Emotional Health checklist – clues from the body & lifestyle

Emotional Health checklist – clues from the body & lifestyle


Writer & Psychotherapist


The mind-body connection is deeper than we realize. As research reveals how intrinsically connected mental and physical health are, it’s important for us to do regular check-ups for our emotional wellbeing as well.

Our body is where our emotional, spiritual and physical existence meet. Therefore, self-care at the emotional level also involves the body and lifestyle.

We may have many breakthroughs in therapy, practice affirmations and change patterns. But the body is where all these changes are assimilated. The body thus, could give the first clues of a disturbed emotional health.

Here is a checklist that can help you assess your physical and emotional health on a regular basis.

Basics: Are you running on reserve?

Before we look at our emotional landscape, we need to start with the basics. Our physical routine and quality of life, can reveal a lot more about our emotional wellbeing, than we acknowledge. Here is a quick list to ensure you are taking care of your basic needs and making note of areas that need extra attention.

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  • How is your appetite? Are you eating on time?
  • Do you experience unease, gas, bloating or any digestive symptoms? How long have you felt this way? 
  • Do you include portions from all food groups? 
  • Is food a source of joy or stress in your life? 
  • What is your soul food—something that you enjoy eating that also leaves you feeling nourished and wholesome?


  • What is the quality of your sleep? 
  • Do you feel rested and relaxed in the morning? 
  • Would a quick nap during the day add to your overall sense of wellbeing? Or is your midday nap making you lethargic?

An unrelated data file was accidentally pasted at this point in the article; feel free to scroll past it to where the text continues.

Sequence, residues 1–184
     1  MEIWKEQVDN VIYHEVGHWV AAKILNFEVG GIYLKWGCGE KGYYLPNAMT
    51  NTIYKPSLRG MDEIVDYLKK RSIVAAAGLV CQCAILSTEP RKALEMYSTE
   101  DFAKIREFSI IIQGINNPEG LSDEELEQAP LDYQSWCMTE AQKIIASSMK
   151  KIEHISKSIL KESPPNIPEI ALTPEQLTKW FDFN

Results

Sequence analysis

• Do you have nightmares/recurrent dreams? What do you think they mean for you? 
  • Do you spend a few minutes before sleeping to set your room, pillows, wear comfy clothes or do you crash into your bed? 

You deserve a relaxing space to rest after a long day. Spend a few extra minutes to unwind physically and mentally to ease into restful sleep.


Experts recommend 10-30 mins of sunlight, several times a week. Those with darker skin may need more. Sunlight impacts not just our vitamin doses and blood sugar, but also the serotonin level in our brain and gut. A dip in serotonin is linked to depression and other mental ailments.

  • How much direct sunlight do you get in a day?
  • When and where can you get these few minutes of sunlight on you?


Your body needs movement, not just to stay fit, but to feel safe and relaxed. While cardio-exercises have a host of benefits, indulging in deliberate slow movements, in the likes of yoga, tai chi, or simply moving in a self-soothing way to relaxing music, can calm the autonomic nervous system; regulate the heart rate and also decrease cortisol levels.

Studies reveal that the lack of option to move (fight or flee) during a stressful event can often lead to trauma.

  • How often does your body feel relaxed and fluid to move as it pleases?
  • Do you have permission to take up space, walk abreast, move, bend, jump, feel playful in your body?
  • Does your work or habit restrict free movement, wherein you hold your body stiff or motionless for long?
  • Do you feel stress or tension at any part of your body? 
  • Get up now and move as your body pleases. Do you sense any fear, muscle tension, or lack of permission to move freely?
A few things you can try: